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Tekfusion Twinwoofers

Tekfusion Twinwoofers Review

Tekfusion Twinwoofers

Details: Enhanced-bass earphone from India-based Tekfusion
MSRP: $49.99 for Twinwoofers (manufacturer’s page); $69.99 for Twinwoofers M with mic & 1-button remote (manufacturer’s page)
Current Price: $50 from for Twinwoofers; $40 from for Twinwoofers M
Specs: Driver: Dynamic | Imp: 16Ω | Sens: 113 dB | Freq: 19-21k Hz | Cable: 3.9′ I-plug
Nozzle Size: 4.5mm | Preferred tips: Stock single-flanges
Wear Style: Straight down or over-the-ear (preferred)

Accessories (3/5) – Single-flange (3 sizes) and triple-flange (2 sizes) silicone tips, shirt clip, and velvet spring-clasp carrying pouch
Build Quality (3.5/5) – The construction of the Twinwoofers is par for the course, with sturdy-feeling metal housings coupled to a pretty conventional cable. Mild driver flex is present
Isolation (3.5/5) – Above average for an earphone of this type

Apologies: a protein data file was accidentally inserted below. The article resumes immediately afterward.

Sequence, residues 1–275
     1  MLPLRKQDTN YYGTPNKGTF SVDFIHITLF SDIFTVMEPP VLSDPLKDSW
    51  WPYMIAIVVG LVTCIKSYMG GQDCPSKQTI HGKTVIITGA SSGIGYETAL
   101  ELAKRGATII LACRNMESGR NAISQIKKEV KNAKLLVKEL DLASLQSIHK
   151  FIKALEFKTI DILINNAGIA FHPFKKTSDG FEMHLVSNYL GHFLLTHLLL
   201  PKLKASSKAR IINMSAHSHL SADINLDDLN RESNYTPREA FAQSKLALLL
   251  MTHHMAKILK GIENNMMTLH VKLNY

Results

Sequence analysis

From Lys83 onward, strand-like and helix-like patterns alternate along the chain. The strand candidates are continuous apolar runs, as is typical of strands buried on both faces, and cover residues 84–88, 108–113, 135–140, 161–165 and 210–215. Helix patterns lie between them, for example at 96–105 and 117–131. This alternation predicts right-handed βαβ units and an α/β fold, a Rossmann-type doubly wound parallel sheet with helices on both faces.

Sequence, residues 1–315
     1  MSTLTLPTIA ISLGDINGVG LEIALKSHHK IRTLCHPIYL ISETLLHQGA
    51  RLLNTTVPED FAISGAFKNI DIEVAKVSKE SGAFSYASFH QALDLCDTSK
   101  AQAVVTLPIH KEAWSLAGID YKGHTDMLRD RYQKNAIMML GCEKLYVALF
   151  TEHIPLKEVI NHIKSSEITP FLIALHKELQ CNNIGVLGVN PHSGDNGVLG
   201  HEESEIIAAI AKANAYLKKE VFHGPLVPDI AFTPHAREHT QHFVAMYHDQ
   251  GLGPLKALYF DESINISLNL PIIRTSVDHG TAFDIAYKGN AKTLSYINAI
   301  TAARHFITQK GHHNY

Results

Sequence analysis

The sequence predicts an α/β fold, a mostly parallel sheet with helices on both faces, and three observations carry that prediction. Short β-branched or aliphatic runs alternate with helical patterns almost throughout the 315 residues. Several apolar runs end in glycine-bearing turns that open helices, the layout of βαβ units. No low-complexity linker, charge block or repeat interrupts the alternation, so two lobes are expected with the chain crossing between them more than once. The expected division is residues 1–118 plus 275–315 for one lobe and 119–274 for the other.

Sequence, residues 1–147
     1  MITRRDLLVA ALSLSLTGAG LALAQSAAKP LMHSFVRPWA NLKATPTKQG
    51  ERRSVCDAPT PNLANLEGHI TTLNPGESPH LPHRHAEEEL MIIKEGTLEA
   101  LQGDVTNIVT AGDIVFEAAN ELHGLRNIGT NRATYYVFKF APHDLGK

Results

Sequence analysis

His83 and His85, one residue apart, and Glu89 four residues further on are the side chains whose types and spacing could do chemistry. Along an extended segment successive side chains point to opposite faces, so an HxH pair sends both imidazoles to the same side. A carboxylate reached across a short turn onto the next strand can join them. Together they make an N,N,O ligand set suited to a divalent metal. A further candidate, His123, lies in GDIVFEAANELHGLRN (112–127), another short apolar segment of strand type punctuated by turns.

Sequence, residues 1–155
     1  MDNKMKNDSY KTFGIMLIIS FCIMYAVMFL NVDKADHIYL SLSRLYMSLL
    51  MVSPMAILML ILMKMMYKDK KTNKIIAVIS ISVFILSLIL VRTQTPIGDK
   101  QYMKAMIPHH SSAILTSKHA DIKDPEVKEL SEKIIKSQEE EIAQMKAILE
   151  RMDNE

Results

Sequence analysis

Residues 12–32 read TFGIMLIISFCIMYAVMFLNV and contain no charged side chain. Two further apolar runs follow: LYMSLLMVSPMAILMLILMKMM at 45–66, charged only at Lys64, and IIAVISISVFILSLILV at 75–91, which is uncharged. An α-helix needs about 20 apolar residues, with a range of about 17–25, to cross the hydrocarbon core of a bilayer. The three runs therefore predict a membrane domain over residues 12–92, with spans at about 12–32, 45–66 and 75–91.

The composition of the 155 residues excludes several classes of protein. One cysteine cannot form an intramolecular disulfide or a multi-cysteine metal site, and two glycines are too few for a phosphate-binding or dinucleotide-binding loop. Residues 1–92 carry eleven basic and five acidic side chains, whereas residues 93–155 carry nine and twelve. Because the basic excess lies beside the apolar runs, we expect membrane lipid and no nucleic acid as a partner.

Microphonics (3.5/5) – Moderate when worn cable-down; very good otherwise
Comfort (3.5/5) – The Twinwoofers look bulkier than they really are. The housings are long, but relatively slim and not too heavy. They are just a touch bigger than similarly-priced T-Peos models such as the D200R and Popular, and I’ve always thought those very comfortable

Sound (7.2/10) – Tekfusion’s Twinwoofers are bass-heavy in-ears with a warm and rich tonal character. The deep bass is strong, but outpaced still by the mid-bass hump of the Twinwoofers, which results in well above-average impact. Compared, for example, to Nuforce’s bass-heavy NE-700X model, the Twinwoofers have more mid-bass presence and as a result sound “bassier” in the conventional sense. The side effect of the mid-bass boost is, of course, some bass bloat, with sets such as the NE-700X and the pricier Brainwavz S1 sounding less boomy in comparison.

Possibly the greatest asset of the Twinwoofers is the midrange, which is quite strong for an earphone with so much low end presence. IEMs with the bass power of the Twinwoofers, especially at this price point, tend to have more recessed mids. Here, however, the prominent midrange keeps the sound natural and cohesive. For instance, the mids are warmer and more natural compared to the Nuforce NE-700X and NE-600X, with the Twinwoofers sounding a little more balanced and less mid-recessed. Also, while the clarity of the more v-shaped Nuforce units is technically greater, vocal intelligibility was better with the more forward Twinwoofers, except on tracks with very prominent bass.